NEW YORK (Reuters) - A housing crisis loomed in New York City as victims of superstorm Sandy struggled on Sunday without heat in near-freezing temperatures, and officials fretted displaced residents would not be able to vote in Tuesday's presidential election.
Fuel shortages and power outages lingered nearly a week after one of the worst storms in U.S. history flooded homes in coastal neighborhoods, leaving many without heat and in need of shelter in New York and New Jersey. Mayor Michael Bloomberg said 30,000 to 40,000 people in New York City alone would need housing, including around 20,000 from public housing.
"We don't have a lot of empty housing in this city. It's a problem to find housing. We're not going to let anybody go sleeping in the street," Bloomberg said. "But it's a challenge and we're working on this as fast as we can."
U.S. Homeland Security Secretary Janet Napolitano said on Sunday federal agencies are looking for apartments and hotel rooms for people displaced by Sandy.
"Our goal is to try to get people out of the shelters," Napolitano said at a news conference in New Jersey with Governor Chris Christie.
Overnight, at least two more bodies were found in New Jersey - one dead of hypothermia - as the overall North American death toll from Sandy climbed to at least 111.
"People are in homes that are uninhabitable," New York Governor Andrew Cuomo said at a news conference. "People don't like to leave their home, but the reality is going to be in the temperature."
Concerns are growing that voters displaced by Sandy won't get to polling stations on Tuesday. Scores of voting centers were rendered useless by the record surge of seawater in New York and New Jersey.
Temperatures dipped to 39 Fahrenheit (4 degrees Celsius) early on Sunday morning in New York City, the lowest in days, with freezing temperatures expected overnight. An early-season "Nor'easter" storm was expected to hit the battered New England coast this week with strong winds and heavy rain.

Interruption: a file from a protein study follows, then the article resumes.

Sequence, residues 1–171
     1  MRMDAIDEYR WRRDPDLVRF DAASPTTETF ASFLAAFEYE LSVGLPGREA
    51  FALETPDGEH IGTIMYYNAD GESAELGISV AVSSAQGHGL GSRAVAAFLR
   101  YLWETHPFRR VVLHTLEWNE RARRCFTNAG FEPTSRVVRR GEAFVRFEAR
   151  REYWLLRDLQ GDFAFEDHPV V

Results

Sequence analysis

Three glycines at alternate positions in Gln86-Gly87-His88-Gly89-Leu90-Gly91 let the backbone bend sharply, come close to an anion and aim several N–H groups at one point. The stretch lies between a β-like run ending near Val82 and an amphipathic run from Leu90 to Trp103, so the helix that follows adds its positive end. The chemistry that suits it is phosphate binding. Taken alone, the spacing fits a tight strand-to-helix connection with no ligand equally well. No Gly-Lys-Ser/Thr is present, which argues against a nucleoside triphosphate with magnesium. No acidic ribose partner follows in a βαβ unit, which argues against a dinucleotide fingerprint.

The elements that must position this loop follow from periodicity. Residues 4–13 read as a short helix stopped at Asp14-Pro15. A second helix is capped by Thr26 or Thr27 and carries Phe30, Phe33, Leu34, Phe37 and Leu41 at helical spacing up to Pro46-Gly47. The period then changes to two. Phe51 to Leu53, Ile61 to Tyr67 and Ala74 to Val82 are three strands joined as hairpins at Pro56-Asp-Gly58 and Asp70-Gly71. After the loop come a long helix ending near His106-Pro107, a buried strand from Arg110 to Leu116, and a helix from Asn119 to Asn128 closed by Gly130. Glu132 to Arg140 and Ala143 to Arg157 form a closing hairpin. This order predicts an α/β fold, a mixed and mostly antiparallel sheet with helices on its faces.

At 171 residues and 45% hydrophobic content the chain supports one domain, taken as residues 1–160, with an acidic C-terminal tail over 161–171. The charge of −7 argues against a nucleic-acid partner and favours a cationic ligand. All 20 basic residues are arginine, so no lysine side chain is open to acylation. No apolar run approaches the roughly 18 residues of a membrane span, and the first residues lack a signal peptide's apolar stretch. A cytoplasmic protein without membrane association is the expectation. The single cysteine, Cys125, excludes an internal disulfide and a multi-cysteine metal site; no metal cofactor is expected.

"The power is back but we have no heat," said Adeline Camacho, a volunteer who was handing out soup and sandwiches to needy residents of the Lower East Side of Manhattan on Sunday. "A lot of people haven't been able to bathe or stay warm. Last night was cold and this night is going to be much worse."
Fuel supplies continued to rumble toward disaster zones and electricity was slowly returning to darkened neighborhoods, after the storm slammed the coast last Monday.
In New Jersey, where residents were waiting for hours in line at gas stations, Christie tried to ease the fuel crunch by reassuring people that refineries and pipelines were back online and gas was being delivered. "We do not have a fuel shortage," he said at a news conference.
A reopened New York Harbor meant fuel was reaching terminals, even as major facilities remained idle.
Bloomberg said it would be a "very, very long time" before power would return to certain New York neighborhoods along the coast, where buildings were destroyed. Cuomo said fuel shortages are improving but problems will persist for "a number of days."
Power restorations over the weekend relit the skyline in Lower Manhattan for the first time in nearly a week and allowed 80 percent of the New York City subway service to resume. Most schools were due to reopen on Monday.
Some 1.9 million homes and business still lacked power across the Northeast on Sunday, down from 2.5 million the day before.